Urban Redevelopment on Tatooine

George Lucas filmed portions of the original Star Wars in the Tunisian desert in 1976, his crews withstanding the intense heat in an environment that made it perfectly obvious why “moisture farmers” were needed even if they were only fictional characters. 

When principal photography ended, filmmakers left Uncle Owen’s and Aunt Beru’s Tatooine homestead to be obliterated by the North African siroccos. It might have “gone with the wind” had not a fan decided it should be saved:

“It’s the most iconic scene of all six Star Wars movies,” 42-year-old Welsh superfan [Terry] Cooper told “Wales Tonight,” a program on TV station iTV. “And knowing that that place does exist, in a real place on Earth, that’s free to go and see … it’s something that we thought it would be a shame if this ended up as just a faceless ditch in the desert one day.”

Learning of the crumbling film set — it’s actually located outside of the remote Tunisian village of Tataouine — Cooper and some fellow fans set up a Facebook page and started collecting donations to repair the “moisture farm.”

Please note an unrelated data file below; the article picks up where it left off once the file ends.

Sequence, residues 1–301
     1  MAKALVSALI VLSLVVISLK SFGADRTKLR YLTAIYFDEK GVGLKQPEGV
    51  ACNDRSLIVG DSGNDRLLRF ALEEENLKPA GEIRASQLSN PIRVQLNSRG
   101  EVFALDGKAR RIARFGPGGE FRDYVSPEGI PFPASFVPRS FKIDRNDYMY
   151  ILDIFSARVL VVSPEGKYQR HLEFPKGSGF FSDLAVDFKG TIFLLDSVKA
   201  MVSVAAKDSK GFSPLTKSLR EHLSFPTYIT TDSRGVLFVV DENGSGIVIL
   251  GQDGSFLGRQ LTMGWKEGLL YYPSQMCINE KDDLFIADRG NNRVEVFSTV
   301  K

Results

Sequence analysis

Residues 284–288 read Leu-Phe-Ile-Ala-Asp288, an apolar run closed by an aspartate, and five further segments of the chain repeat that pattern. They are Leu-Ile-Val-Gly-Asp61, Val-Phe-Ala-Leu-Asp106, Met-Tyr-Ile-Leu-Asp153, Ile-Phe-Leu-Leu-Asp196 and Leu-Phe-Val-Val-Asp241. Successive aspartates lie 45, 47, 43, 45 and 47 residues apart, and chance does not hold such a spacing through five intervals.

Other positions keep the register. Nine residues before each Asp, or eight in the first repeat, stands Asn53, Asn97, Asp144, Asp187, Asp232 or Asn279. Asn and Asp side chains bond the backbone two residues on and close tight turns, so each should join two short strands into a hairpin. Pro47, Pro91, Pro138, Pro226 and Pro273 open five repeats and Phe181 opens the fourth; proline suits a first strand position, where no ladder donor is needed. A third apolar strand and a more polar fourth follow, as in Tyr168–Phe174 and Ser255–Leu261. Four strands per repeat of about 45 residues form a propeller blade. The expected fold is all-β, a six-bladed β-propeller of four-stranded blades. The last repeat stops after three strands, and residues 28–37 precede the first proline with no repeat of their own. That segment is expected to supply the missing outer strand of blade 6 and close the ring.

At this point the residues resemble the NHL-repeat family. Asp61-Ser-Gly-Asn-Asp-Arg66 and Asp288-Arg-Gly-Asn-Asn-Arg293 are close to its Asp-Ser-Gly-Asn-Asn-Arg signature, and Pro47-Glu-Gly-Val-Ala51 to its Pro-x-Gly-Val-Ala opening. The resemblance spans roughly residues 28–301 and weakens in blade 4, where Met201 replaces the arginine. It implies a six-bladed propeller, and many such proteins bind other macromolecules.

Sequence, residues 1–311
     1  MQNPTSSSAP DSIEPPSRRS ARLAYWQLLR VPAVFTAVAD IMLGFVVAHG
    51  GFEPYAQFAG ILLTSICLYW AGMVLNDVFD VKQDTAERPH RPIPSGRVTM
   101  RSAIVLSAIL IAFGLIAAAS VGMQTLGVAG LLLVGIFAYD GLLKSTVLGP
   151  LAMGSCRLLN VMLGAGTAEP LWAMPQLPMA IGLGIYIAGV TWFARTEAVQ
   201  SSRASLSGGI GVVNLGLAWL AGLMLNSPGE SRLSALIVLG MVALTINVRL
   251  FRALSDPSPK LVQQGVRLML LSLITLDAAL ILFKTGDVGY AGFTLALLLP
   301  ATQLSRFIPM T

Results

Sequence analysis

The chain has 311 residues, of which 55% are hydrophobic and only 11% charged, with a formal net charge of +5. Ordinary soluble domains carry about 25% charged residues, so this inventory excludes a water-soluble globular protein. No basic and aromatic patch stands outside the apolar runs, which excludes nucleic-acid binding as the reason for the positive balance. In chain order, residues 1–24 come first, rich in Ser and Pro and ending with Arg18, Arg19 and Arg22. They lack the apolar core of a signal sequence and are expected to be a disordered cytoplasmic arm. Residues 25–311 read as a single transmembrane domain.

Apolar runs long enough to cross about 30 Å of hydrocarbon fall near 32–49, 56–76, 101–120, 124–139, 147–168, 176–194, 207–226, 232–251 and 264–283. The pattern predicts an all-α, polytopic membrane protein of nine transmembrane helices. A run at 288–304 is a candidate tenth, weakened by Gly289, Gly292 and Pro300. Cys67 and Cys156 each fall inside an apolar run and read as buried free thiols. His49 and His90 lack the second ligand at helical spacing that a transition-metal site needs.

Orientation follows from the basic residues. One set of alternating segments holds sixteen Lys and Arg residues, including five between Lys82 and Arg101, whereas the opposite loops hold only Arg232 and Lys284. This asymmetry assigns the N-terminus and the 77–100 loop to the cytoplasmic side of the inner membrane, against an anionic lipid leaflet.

Their appeal brought in $11,700 from 425 donors. In May, Cooper, project leader Mark Dermul and others flew to Tunisia and refurbished the old structure, taking plenty of photos.

They also posted a short video [YouTube] of their exploits.

The internet being what it is, snark vampires immediately homed in and posted comments like this:

YOU’VE RUINED IT!! It was magic before. A time capsule. The last people to touch the construction were the art department and film crew. Now some jackholes with some cheap chinese Home Depot crap have gone out and washed away everything that made it interesting.

Always remember, no good deed goes unpunished.

[Via Chronicles of the Dawn Patrol.]

2 thoughts on “Urban Redevelopment on Tatooine

  1. Um… I understood the angst over whether the Mona Lisa or Sistine Chapel ceiling should be cleaned… but this? Most Hollywood props and sets I’ve seen are barely presentable when new, and only look like the cockpit of an Wild Cat fighter or the bridge of the Enterprise if you look at it through the lens of a camera. Right up close it’s a plywood box, with cheap paint and a car seat, or some differently shaped plywood boxes with lucite panels covering some blinky lights.

    I guess that’s what movie magic is, though… making you not only see what isn’t there, but what you know isn’t there.

    So how the restorers manage to put the extra sun back up?

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